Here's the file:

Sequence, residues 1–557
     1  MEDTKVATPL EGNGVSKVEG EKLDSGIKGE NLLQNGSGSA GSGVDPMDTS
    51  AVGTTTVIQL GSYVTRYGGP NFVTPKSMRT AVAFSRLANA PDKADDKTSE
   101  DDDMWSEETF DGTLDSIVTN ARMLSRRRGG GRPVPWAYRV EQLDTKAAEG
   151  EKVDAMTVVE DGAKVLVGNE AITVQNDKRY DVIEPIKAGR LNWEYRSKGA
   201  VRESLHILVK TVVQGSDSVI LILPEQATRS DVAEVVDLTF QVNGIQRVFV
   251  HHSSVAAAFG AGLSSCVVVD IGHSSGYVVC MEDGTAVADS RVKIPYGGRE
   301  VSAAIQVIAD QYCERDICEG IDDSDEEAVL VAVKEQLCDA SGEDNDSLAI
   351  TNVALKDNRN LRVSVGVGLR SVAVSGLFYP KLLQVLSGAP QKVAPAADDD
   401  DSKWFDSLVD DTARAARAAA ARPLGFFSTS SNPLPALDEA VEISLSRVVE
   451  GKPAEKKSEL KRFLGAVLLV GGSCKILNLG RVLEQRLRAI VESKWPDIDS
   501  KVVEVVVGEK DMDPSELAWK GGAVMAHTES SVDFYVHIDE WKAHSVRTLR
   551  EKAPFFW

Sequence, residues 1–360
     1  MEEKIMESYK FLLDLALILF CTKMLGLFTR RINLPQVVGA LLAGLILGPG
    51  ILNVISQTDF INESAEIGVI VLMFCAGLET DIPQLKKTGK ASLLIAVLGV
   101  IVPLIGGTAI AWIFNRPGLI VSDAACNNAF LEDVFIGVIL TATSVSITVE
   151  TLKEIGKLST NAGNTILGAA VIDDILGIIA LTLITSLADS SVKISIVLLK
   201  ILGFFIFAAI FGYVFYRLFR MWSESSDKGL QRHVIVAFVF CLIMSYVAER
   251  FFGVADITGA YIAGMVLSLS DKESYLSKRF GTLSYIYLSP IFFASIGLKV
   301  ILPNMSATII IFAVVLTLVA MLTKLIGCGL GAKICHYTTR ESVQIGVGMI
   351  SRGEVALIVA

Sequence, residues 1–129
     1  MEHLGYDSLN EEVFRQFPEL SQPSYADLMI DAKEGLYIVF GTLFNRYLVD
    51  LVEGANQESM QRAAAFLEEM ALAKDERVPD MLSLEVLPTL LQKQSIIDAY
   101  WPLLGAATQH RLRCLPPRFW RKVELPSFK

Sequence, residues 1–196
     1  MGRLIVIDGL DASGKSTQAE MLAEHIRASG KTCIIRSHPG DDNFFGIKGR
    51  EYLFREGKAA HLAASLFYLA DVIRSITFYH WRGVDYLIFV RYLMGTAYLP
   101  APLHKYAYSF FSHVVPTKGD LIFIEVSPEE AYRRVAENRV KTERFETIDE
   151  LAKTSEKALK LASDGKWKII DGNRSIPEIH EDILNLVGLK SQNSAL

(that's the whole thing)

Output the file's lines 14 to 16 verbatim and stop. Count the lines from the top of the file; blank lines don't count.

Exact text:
Sequence, residues 1–360
     1  MEEKIMESYK FLLDLALILF CTKMLGLFTR RINLPQVVGA LLAGLILGPG
    51  ILNVISQTDF INESAEIGVI VLMFCAGLET DIPQLKKTGK ASLLIAVLGV